Street chess players relocated to Yerba Buena Gardens after San Francisco police kicked them off of Market Street during a crackdown on peripheral crime. (Sara Bloomberg/KQED)

By Emily Green

For some 30 years, chess players from all walks of life have congregated on Powell Street in downtown San Francisco to play each other.

So when the San Francisco Police Department kicked the players off Market Street in September, citing drug use and crime, many players as well as longtime city residents were upset by what they viewed as unwarranted interference with a long-standing tradition.

“We want our San Francisco tradition back. We want the chess tables back on Fifth and Market,” said Hector Torres, one of the original players on Market, who led a rally on Oct. 6 to protest the ban. Dozens of people showed up, folks who had never before played there, but who opposed the ban on principle.

The reality was a little more complicated: Even some of the chess players were relieved by the police’s intervention.

The players, primarily working-class immigrants from the Philippines, have found a new home at the park by Yerba Buena Center for the Arts, south of Market near downtown. About a dozen of them usually show up – half as many as before. Gone are the homeless and the drunks, and also the tourists. The men – and it’s all men – agree: The new location is safer, and nicer. But it’s also less exciting than on Market Street.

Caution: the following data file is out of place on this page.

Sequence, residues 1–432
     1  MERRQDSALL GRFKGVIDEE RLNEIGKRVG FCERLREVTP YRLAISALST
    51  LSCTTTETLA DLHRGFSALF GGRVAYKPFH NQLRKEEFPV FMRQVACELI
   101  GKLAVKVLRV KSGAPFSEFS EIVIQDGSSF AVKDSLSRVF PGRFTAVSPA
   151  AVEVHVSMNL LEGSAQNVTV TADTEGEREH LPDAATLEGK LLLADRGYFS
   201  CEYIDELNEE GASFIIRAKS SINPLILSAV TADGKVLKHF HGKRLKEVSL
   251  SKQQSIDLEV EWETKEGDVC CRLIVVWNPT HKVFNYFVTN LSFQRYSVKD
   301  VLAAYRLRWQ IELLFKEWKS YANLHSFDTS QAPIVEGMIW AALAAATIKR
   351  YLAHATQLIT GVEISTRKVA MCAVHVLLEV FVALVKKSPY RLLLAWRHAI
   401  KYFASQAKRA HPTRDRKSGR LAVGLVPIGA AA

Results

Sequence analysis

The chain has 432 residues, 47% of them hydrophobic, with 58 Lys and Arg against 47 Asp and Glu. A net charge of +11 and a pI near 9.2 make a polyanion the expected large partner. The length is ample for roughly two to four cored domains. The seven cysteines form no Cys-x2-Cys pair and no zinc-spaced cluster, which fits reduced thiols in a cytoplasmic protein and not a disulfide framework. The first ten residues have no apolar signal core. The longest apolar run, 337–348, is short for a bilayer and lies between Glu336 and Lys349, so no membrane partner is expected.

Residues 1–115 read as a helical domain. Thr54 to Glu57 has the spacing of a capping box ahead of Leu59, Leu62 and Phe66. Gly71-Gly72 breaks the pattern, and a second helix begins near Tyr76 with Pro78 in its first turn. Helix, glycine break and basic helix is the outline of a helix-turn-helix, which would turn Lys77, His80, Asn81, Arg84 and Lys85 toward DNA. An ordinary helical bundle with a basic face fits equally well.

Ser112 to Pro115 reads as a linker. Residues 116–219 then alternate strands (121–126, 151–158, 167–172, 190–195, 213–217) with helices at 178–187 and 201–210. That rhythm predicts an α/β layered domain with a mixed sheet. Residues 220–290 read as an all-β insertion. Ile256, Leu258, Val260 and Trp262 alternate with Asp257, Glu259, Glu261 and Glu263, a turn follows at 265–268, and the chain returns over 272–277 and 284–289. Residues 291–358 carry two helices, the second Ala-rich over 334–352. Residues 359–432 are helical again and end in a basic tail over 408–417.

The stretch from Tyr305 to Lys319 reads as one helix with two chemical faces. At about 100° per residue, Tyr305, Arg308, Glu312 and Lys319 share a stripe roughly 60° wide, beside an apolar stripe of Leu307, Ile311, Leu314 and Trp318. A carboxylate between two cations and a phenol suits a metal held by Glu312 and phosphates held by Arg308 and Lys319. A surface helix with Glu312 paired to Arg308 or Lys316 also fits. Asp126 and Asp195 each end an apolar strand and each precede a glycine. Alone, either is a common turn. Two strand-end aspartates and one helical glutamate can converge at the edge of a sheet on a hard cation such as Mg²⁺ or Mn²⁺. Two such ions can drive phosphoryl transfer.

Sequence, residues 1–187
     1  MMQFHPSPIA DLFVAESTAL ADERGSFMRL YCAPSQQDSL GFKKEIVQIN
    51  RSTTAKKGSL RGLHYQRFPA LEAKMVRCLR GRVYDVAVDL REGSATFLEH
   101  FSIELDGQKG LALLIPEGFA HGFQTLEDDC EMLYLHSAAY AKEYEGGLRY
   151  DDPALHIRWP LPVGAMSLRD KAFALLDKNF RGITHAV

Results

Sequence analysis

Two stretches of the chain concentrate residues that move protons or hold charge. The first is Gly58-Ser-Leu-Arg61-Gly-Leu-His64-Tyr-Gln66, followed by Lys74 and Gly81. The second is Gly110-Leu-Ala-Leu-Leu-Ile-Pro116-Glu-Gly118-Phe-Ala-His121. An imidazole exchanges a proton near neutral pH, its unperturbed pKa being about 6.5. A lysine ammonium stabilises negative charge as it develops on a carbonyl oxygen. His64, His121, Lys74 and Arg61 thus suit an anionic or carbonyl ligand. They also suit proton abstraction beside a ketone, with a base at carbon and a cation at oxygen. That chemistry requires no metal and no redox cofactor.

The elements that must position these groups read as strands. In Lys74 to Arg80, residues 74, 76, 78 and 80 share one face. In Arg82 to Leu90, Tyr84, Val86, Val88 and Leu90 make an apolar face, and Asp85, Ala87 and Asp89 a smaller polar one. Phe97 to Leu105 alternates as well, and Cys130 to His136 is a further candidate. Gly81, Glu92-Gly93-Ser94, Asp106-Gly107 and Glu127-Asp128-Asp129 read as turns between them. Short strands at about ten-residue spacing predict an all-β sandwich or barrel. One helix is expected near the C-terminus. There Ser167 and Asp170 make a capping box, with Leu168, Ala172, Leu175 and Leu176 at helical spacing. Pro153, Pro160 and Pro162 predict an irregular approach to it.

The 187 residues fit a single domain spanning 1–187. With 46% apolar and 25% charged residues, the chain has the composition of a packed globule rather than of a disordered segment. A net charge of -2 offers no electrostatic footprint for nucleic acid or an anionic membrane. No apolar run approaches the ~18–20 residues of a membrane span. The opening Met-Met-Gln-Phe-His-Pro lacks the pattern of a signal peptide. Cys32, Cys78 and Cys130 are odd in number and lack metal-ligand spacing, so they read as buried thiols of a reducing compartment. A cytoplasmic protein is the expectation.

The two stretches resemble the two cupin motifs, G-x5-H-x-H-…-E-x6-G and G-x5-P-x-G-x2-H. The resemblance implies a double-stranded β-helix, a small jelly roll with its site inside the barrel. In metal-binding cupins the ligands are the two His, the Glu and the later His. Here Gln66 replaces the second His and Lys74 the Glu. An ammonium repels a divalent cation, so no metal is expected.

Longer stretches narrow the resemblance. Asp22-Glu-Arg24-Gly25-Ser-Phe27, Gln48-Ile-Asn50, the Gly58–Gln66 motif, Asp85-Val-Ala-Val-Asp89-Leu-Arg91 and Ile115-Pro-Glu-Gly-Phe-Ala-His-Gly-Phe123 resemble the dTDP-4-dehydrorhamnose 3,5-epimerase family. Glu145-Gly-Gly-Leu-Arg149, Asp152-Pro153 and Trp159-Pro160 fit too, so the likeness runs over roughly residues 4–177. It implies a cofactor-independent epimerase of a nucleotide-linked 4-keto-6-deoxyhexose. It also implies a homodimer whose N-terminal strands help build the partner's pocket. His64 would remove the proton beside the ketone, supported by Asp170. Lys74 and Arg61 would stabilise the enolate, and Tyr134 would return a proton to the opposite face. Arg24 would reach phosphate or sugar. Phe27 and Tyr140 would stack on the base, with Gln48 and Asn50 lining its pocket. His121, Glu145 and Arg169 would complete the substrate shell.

It had become “dangerous and dangerous,” said Rizaldy Martin, a regular on Market Street for 20 years.

Martin works in the mail room at the Levi’s store, and would go to Market Street after work. The games were like in Manila, he said, where people play on the street. But then drug dealers started coming.

“This [was] just late 2000, it becomes not so good because they use that as a screen. They pretend they are playing in the table, but they are doing their activities around there…. It’s nasty there. People gambling. Really. It’s becoming a bad reputation to chess. If the city OK’d us to go back there, I don’t know. I hope not.”

But fellow Filipino Alex Penano misses the old locale. “It has a lot of energy over there. From homeless to rich people to doctors, lawyers, stuff like that. Now it’s just us.”

Penano learned to play chess in the Philippines by watching his dad. He said chess is a national pastime in the Philippines. The country has produced 13 chess grand masters, the highest title a chess player can obtain. And one of the best young players in the world right now is from the Philippines.

Penano took up the game actively after moving to San Francisco in 1989, following a separation from his wife.

“After my divorce I was depressed then, and it relieves my loneliness and stuff by playing chess, because my mind was focusing on chess and not on my divorce,” Penano said.

As the night falls, he watches as two of the best players – Manuel Santo and Rizaldy Martin – furiously move their pieces in the waning minutes of the game. Martin is on a winning streak. He has won three in a row. “It goes with the brain,” he said, as he pockets $5 in winnings.

Then, with almost no break between games, they begin again.

Listen to Emily Green’s complete report for KQED News:

  • HatesHomeless

    How can the police spend time getting rid of chess players when they need to get rid of the countless homeless plaguing the city? They have lined the nicest areas of the embarcadero and ruin the city. Neither New York or LA allows homeless people to camp out in nice parts of the city.

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